S.D. Sizzles in 100-Degree Indian Summer

Times Staff Writer

Unseasonably high temperatures warmed Southern California Sunday, topping 100 degrees in some areas of San Diego County and creating a pleasant Indian summer effect.

Borrego Springs sizzled at 105 degrees, and Fallbrook reported a high of 100. Elsewhere in the county, most inland valleys reported highs in the 90s, while the beaches stayed cooler with temperatures in the upper 70s and low 80s.

Downtown San Diego reached 84 degrees, which is 9 degrees above normal for this time of year, according to meteorologist Harvey Hastrup of the National Weather Service.

“We have a weak Santa Ana condition with light north-easterly winds, which is bringing very warm air into the county,” Hastrup said. “There will be a tad bit of cooling tomorrow and a lot more cooling on Tuesday, so we saw the best over the weekend,” he said.


Temperatures Monday are expected to drop a few degrees, hitting 80 downtown and 88-96 degrees in inland areas. Tuesday will be considerably cooler and should bring the return of the usual pattern of night and morning low clouds followed by hazy afternoon sunshine, the forecasters predict.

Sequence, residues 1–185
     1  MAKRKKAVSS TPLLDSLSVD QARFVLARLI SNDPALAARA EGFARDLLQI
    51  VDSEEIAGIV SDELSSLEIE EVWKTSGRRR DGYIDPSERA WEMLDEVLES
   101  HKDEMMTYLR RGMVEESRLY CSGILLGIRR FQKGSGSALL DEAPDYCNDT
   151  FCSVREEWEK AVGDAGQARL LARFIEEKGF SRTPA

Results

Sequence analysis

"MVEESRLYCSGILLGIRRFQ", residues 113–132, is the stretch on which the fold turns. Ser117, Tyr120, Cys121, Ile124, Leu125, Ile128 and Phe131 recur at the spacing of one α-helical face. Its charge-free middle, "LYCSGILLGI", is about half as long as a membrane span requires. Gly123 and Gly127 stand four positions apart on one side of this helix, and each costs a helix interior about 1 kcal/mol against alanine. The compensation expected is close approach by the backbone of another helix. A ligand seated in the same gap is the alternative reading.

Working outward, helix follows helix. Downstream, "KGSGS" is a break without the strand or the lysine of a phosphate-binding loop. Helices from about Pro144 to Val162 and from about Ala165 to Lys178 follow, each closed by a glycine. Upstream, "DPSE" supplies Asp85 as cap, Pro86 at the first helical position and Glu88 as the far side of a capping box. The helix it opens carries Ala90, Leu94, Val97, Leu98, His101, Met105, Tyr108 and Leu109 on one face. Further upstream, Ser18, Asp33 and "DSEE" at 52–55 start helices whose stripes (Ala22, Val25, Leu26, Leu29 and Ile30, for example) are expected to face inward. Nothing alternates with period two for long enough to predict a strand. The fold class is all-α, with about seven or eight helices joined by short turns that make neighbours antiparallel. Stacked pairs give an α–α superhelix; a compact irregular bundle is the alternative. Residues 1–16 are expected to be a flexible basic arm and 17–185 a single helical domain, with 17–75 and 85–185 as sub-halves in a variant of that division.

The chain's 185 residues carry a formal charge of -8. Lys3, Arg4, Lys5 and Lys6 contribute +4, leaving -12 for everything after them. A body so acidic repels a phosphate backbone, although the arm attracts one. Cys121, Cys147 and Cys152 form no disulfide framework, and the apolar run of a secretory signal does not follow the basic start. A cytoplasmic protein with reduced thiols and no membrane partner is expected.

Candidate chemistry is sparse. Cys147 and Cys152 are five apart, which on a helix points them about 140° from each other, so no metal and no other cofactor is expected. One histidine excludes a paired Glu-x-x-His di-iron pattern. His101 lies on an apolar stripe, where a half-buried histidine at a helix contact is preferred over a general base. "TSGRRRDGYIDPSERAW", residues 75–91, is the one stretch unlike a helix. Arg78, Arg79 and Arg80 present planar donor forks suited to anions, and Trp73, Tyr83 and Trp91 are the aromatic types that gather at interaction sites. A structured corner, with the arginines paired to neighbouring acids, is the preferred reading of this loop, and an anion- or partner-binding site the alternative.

Temperatures in the inland valleys hovered in the 90s Sunday, with reported highs of 98 in Santee, 96 in Escondido, 95 in El Cajon and 93 in La Mesa and Lemon Grove.

While San Diegans enjoyed the warm weather, Los Angeles residents sweltered in temperatures that soared up to 102 degrees. It was the hottest Oct. 9 on record in Los Angeles, sending people to the beaches there in double the usual October numbers.

Hot, bone-dry Santa Ana winds under cloudless skies sent the temperature to 102 degrees at the Los Angeles Civic Center by 2 p.m., beating the previous record of 98, which was set in 1976. The normal high for the date is 80 degrees.


Weather forecasters say the unseasonal heat will continue today in Los Angeles.

“You guys are sizzling,” said meteorologist Janice Roth of WeatherData Inc., which provides forecasts for The Times.

But as hot as it was, Sunday’s peak was still several degrees cooler than last Sept. 4, when the scorching 110-degree reading equaled the hottest day ever in Los Angeles. The previous high this October was 89, which was reached Saturday.

Relative humidity ranged from 51% to 16%.

The hot, dry weather, which meteorologists termed a “mild Santa Ana condition,” stems from the influence of a high-pressure system sitting over northwest Washington that is causing a vast, clockwise rotation of winds over the western United States, according to Roth.

The slowly wheeling weather system causes hot dry winds to blow from Nevada into Southern California. In addition to the desert heat that the northeasterly winds bring, they have been preventing the formation of low clouds, which usually shield the area from direct sunlight for part of the day.

And the winds have also been heating up through compression as they flow over the San Gabriel Mountains and drop in altitude to sea level.